Monday, April 27, 2009

Despite all, it's Spring!

The few days since HP came home from the rehab have been um, exciting, with discoveries right and left, mostly about our steep learning curve at using a Hoyer lift for someone with no response in the lower body, and little ability to maintain himself sitting, and about life in a reclining wheelchair, which is great for letting him recline and take a nap or a change of position when he needs to. Hard on my back, since reclining is mechanical not electric! too heavy for me to get in and out of the house, so inventiveness will be called for. And the physical management of a person using a wheelchair goes far beyond the simple mobility, but I won't get into the personal stuff. Suffice it to say that this ain't for wimps! especially since HP is in early dementia now. I've suspected this for some time, but it's now official. No point in fretting, can't be fixed, can't be helped, just live for the good parts, and his sunniness is one of the good parts.

What I'm doing to maintain my own body is: eating real meals, which are pleasurable to cook for two -- today lunch, main meal, that is, was lovely rolled up white fish, which has a posh French name which I forget, Jacques Pepin makes these, with a sauce of sauteed ginger, shallots, scallions and turmeric, along with mixed steamed Chinese vegetables and mashed potato. Grapes and bananas for dessert.

I was very amused, in view of HP's severe heart condition, when various food people and case managers (!) asked me about heart healthy food, did I know about them, and when I explained what our normal diet is, they said, oh, you know about it, I guess! But I think moderation in all things, including moderation! and if he wants a boiled egg for breakfast, dammit, he can have one. and I reserve to myself the right to a nice little glass of wine,white or rose, whatever I feel like, in the evening. Just one, a lovely civilized pleasure.

And self care involves seizing the chance to keep walking, really good for keeping your back in one piece when you're using it as much as I am. I'm still figuring out when and if I can leave HP for a few minutes. If he's sleeping reclined, he's perfectly safe, and I can be away for just a few minutes, I now think. And once we get the home health care people used to us all, and the physio, that can be a chance to get out for a short while.

Yesterday and today, hot weather, in the 90s, and plants arrived in the mail, yay, so I got HP near the patio door (can't get him out there without help until a second ramp arrives) so he could see me planting the strawberries in a hanging basket, moving a few houseplants out of doors for the season -- the scented geranium will probably be okay now, and I planted a gift of Italian parsley in a pot, and the bucket out front is the whips from bush cherries, which I'll put in tomorrow when it's in shade, no sense in killing myself this hot evening.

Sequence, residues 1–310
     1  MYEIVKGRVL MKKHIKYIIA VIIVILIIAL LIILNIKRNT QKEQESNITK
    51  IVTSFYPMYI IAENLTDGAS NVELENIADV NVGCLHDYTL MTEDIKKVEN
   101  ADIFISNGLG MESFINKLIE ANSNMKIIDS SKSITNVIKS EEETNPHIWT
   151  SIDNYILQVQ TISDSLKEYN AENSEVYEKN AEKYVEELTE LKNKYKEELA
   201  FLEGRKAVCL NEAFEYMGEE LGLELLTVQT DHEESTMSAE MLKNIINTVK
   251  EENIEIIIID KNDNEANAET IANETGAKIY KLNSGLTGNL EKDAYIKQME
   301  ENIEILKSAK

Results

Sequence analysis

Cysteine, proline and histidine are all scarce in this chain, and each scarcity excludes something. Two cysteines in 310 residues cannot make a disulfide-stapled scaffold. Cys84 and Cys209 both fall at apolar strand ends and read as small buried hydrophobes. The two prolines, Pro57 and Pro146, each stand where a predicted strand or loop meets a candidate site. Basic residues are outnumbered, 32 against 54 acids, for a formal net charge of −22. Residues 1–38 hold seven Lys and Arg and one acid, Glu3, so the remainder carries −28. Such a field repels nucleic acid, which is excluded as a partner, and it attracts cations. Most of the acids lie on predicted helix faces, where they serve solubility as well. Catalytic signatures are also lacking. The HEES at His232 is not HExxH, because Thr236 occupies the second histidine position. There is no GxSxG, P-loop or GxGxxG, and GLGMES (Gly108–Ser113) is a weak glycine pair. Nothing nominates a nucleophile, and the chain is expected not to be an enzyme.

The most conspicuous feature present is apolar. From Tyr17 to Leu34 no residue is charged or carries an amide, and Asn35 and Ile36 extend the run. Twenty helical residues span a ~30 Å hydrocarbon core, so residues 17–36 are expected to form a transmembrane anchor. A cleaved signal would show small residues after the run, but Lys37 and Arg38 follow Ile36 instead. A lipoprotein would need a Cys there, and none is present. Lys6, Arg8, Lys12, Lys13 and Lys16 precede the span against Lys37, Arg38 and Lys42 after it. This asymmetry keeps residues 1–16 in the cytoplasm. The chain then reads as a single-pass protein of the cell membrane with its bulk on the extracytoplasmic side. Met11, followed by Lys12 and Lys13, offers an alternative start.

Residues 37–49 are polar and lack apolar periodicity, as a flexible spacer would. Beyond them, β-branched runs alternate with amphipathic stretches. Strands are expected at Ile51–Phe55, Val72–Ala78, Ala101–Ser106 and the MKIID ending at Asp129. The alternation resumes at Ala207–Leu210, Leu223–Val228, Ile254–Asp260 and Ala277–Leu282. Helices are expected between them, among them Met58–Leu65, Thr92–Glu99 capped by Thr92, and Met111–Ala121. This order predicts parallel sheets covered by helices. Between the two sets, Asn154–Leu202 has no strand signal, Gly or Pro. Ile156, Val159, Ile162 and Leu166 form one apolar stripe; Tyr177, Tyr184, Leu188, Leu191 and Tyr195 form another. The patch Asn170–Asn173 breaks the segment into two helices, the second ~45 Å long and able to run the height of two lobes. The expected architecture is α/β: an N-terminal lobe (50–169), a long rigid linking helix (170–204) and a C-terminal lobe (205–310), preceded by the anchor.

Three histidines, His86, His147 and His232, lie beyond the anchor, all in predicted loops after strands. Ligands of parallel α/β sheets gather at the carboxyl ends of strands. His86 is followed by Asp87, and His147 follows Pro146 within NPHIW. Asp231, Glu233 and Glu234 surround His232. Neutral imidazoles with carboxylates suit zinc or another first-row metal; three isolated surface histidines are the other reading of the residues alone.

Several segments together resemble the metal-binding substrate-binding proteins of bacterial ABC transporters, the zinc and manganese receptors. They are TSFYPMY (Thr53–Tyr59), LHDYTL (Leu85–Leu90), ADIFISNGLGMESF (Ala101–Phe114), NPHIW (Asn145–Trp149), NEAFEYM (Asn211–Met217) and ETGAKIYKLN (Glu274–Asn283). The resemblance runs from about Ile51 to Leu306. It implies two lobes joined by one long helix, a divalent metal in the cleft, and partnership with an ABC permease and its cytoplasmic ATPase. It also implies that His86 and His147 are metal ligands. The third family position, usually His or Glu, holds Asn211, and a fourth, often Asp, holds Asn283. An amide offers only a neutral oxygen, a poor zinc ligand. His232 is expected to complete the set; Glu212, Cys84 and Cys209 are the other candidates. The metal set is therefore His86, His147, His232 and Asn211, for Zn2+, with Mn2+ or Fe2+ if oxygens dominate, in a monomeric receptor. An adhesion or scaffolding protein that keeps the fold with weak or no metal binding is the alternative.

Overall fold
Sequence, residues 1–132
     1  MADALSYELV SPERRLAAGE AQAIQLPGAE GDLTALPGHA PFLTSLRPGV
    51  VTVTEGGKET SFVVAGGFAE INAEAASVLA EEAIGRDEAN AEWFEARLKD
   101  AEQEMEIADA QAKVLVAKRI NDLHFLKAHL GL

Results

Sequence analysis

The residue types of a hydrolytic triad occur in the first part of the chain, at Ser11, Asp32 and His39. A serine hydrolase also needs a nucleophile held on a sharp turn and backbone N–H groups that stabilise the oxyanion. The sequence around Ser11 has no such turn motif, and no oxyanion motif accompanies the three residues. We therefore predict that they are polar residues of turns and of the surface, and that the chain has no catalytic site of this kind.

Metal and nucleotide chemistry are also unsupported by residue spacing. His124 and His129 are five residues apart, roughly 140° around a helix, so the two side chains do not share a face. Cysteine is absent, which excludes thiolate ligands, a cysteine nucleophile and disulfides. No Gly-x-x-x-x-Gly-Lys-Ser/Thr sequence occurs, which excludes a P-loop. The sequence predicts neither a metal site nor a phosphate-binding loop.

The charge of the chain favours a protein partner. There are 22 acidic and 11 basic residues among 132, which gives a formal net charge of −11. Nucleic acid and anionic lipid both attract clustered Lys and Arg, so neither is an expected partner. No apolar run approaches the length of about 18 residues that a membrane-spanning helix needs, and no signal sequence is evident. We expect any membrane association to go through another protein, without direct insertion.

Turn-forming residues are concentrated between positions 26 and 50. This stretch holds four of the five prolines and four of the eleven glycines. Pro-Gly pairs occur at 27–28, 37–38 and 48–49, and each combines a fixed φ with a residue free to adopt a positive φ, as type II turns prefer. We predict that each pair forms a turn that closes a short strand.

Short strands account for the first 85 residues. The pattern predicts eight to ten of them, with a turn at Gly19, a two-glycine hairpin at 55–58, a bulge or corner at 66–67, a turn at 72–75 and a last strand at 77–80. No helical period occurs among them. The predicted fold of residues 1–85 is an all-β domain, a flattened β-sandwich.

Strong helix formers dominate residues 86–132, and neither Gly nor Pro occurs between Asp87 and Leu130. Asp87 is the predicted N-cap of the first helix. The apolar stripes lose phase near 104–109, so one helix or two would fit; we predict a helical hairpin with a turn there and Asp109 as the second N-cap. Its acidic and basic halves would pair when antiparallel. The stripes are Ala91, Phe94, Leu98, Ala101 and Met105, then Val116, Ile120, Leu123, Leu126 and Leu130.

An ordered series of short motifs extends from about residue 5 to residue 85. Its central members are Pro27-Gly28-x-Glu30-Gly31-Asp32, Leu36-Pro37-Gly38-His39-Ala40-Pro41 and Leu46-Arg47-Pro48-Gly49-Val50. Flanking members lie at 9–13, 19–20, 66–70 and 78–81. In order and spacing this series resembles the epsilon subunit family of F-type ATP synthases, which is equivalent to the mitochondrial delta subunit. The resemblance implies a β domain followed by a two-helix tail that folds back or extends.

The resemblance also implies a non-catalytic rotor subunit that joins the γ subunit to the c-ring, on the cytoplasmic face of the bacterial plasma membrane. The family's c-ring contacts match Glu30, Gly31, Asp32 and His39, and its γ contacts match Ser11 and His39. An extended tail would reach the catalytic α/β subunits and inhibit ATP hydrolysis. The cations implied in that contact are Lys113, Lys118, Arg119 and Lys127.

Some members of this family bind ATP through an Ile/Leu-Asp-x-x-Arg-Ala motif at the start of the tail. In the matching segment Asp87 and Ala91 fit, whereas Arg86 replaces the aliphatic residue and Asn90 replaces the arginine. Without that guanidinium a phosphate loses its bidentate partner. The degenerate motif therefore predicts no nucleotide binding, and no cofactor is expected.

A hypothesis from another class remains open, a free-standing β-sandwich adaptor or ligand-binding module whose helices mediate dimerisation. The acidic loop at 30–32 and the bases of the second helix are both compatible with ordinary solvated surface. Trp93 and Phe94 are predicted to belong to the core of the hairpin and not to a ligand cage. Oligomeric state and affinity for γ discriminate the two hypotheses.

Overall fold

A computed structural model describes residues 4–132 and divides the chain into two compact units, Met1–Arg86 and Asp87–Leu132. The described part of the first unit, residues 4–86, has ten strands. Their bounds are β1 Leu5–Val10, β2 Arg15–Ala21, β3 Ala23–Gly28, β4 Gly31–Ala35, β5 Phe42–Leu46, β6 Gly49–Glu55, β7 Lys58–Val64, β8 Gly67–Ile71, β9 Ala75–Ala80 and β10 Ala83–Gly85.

The HOA landscapers have already done their Spring burn and pillage, so my new stuff should be okay! please note near the bucket the little inland beach out there, from my shore trip the other week, clam and other shells. And, out back, scenes of more than one season at once -- our one and only tulip blowing out and the yellow allyssum in mid flow, with the brand new parsley and the newly outdoor scented geranium, and the sage putting out new leaves -- it will have great purple flowers before long -- and the butterfly bush, Davidii, juuuuuust starting to wake up, also wonderful purple flowers before too long.

All in all, what's not to be optimistic about? all this feverish garden activity in an area the size of one postage stamp out front and two postage stamps out back...and great neighbors, exchanging gardening plants and tips, and visiting with HP at the same time and helping get him out on the patio and back yesterday, and wonderful doctors who VISIT YOUR HOME, that is not a typo, and a great home nurse, and nice health aides, and a terrific physio who is also a bird lover -- tamed a cockatiel which is now a friendly little guy.

Our new life is very different, much more filled with people, that part is hard for me to get used to, but they are all skilled and friendly and with a lot to them aside from the work they come here to do.

Our new doctor's husband, a mathematician, fancies learning pastel painting, so I put them onto a wonderful artist, friend of mine, great in pastels, and a good teacher. And I am freecycling my case of Rembrandt pastels, wonderful stuff, wooden box, lovely old fashioned thing, to him. I don't work in pastel, they were given to me by the granddaughter of an artist who died, I took them out of art fellowship, really, and now they need a new home. This stuff is worth, if you buy it new, several hundred dollars, but it belongs with a new person, and since it came to me as a gift, it goes out as a gift.

So my new mantra: what were the good things that happened today? and it's surprising how many you can find, among the heartbreak and rage and fear and other not so good things that tend to creep in. It's okay to let them in, good and bad, and recognize them and gently ask them to stay a while, and then saunter away, leaving us ready for a new day.


  1. I want to be like you when I grow up. :-)

  2. Beautiful post, Liz, in every way. Blessings.

  3. hugs to you liz, and to dear HP. i'm reminded of a quote by michael j. fox, a young actor who has parkinson's, something along the lines of, i can't choose not to have parkinson's. but there are a 1000 other choices that come up every day, all the time, and the thing is to focus on those choices and not get hung up on the one non-choice that is the parkinson's.

    very wise words, and something i reflect on nearly daily. much love to you, dear.


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